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Ashdown Forest?


Shiva
(@shiva)
Not a Rajah
Joined: 14 years ago
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I think this subject might have been brought up before, but I cannot really remember if this is so.

Peter Moon's book, The Black Sun, says Crowley did a ritual in Ashdown forest in 1941 designed to bring Rudolph Hess to England/Scotland.

Does anybody know (any facts) about this claim?

And where is Ashdown Forest?

Here's the whole page if you want some context ...


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ignant666
(@ignant666)
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Joined: 16 years ago
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https://en.wikipedia.org/wiki/Ashdown_Forest

The pages are obviously the product of a floridly insane person (the author) who is eager to believe things told him by other, equally insane people. Notice that no evidence is provided for any claim made. Minor point: families are not members of the Daughters of the American Revolution; individual women are. My mom was the DAR Regent for her county at one point. Sumerian snake deities were not a big concern at their meetings.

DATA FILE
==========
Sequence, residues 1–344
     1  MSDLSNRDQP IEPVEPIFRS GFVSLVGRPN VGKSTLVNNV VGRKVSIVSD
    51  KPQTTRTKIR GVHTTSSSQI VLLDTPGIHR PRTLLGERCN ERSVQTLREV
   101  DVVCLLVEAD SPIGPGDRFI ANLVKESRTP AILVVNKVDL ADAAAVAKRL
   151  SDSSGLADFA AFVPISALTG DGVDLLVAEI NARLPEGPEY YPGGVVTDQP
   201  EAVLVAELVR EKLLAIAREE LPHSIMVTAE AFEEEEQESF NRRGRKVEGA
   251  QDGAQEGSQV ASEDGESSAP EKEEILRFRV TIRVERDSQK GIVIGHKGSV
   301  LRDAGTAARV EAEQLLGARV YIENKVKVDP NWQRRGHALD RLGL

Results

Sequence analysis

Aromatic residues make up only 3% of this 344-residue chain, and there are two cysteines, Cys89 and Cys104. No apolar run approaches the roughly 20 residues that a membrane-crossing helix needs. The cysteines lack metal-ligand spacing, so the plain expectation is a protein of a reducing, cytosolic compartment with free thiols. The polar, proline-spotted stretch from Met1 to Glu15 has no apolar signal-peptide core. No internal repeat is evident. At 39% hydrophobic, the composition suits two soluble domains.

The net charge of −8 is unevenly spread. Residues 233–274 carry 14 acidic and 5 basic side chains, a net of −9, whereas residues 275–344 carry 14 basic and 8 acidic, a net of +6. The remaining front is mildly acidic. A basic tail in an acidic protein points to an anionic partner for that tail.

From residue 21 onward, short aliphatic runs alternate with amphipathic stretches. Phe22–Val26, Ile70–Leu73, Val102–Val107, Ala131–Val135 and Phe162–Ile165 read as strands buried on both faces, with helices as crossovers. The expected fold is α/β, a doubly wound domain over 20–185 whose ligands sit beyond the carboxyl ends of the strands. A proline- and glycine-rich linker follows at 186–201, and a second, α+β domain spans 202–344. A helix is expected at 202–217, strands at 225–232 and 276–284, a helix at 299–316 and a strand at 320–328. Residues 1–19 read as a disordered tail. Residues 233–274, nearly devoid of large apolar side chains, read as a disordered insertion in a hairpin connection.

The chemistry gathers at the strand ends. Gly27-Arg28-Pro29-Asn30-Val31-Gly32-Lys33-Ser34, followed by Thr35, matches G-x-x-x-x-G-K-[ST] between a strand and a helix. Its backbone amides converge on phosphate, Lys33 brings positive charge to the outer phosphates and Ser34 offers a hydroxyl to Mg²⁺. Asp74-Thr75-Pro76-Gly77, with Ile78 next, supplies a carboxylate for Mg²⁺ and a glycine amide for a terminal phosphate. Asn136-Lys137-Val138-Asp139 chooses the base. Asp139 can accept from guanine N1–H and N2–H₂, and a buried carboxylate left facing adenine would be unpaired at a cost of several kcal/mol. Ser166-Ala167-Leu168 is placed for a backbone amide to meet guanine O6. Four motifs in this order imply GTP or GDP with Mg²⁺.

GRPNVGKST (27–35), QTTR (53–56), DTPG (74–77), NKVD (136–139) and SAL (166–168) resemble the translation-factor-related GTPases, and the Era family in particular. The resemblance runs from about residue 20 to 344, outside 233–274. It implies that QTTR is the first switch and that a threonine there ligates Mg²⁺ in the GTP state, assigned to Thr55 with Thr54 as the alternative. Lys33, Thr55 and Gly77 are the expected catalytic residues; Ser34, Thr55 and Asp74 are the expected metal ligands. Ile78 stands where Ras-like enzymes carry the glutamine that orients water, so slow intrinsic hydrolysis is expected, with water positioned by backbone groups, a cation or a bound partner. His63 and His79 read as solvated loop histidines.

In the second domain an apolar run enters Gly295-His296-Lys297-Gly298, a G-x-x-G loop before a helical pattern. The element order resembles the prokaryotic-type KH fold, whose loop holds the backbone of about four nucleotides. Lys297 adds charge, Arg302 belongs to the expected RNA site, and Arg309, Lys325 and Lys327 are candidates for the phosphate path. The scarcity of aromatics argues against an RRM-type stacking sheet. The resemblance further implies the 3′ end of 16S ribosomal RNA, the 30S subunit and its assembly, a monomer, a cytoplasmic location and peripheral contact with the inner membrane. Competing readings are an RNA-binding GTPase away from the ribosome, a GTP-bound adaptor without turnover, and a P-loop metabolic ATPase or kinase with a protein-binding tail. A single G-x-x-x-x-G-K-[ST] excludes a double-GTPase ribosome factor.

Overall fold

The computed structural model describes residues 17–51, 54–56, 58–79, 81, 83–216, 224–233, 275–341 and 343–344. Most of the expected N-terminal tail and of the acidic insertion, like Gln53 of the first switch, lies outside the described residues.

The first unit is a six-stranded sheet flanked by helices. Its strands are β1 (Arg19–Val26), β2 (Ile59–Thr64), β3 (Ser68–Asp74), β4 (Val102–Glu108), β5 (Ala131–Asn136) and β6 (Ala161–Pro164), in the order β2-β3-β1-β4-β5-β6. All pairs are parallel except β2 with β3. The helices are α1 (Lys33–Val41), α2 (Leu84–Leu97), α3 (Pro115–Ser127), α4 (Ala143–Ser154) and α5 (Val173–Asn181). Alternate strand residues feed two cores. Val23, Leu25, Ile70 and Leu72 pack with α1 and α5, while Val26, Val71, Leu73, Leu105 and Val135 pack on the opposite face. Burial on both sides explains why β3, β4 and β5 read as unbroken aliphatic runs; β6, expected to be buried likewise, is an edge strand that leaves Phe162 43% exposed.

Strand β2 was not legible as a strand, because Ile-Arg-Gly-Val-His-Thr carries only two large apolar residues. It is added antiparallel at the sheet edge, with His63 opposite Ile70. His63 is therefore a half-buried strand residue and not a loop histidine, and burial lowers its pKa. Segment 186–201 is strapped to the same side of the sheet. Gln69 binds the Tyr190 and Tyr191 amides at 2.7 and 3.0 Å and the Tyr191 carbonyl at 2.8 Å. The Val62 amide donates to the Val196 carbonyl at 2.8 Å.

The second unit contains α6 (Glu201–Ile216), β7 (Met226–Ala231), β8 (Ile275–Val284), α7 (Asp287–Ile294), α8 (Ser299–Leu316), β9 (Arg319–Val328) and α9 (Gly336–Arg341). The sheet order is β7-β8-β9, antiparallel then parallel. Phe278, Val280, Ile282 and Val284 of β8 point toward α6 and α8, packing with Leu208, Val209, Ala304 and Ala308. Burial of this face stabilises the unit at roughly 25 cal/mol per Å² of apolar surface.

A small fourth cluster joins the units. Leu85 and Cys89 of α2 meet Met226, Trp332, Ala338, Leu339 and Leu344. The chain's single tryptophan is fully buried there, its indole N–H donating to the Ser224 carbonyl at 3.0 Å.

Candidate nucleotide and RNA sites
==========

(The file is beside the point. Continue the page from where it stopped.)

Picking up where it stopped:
The usual claim about magick rituals during WW II is that Wiccans participated in a ritual in the New Forest to defeat Hitler in 1940. This claim is made by Gardner in his Witchcraft Today.

The claim about AC and Ashdown Forest is rooted in claims by the fantasist "Amado Crowley":

Amado Crowley wrote that the ritual described by Gardner was a fiction based on a real wartime ritual carried out by his father, which he had witnessed as a boy. He claimed that this ritual, dubbed Operation Mistletoe, had taken place in the Ashdown Forest in Sussex in early 1941, with a detachment of Canadian soldiers dressed in wizardly robes and a dummy in Nazi uniform seated on a throne.

See generally https://www.mentalfloss.com/article/86145/operation-cone-power-when-british-witches-attacked-adolf-hitler , which is the source i am quoting re "Amado".


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Shiva
(@shiva)
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Joined: 14 years ago
Posts: 6156
Topic starter  
Posted by: @ignant666

The claim about AC and Ashdown Forest is rooted in claims by the fantasist "Amado Crowley":

I remember him. He sponsored a long, long thread that developed into Christianity versus Thelema. The Christian lady, Barbara by name, said Amado was possessed  ... and she saw a dark thing fly out of him. Possessed, you hear? It's hard to trust anybody these days.


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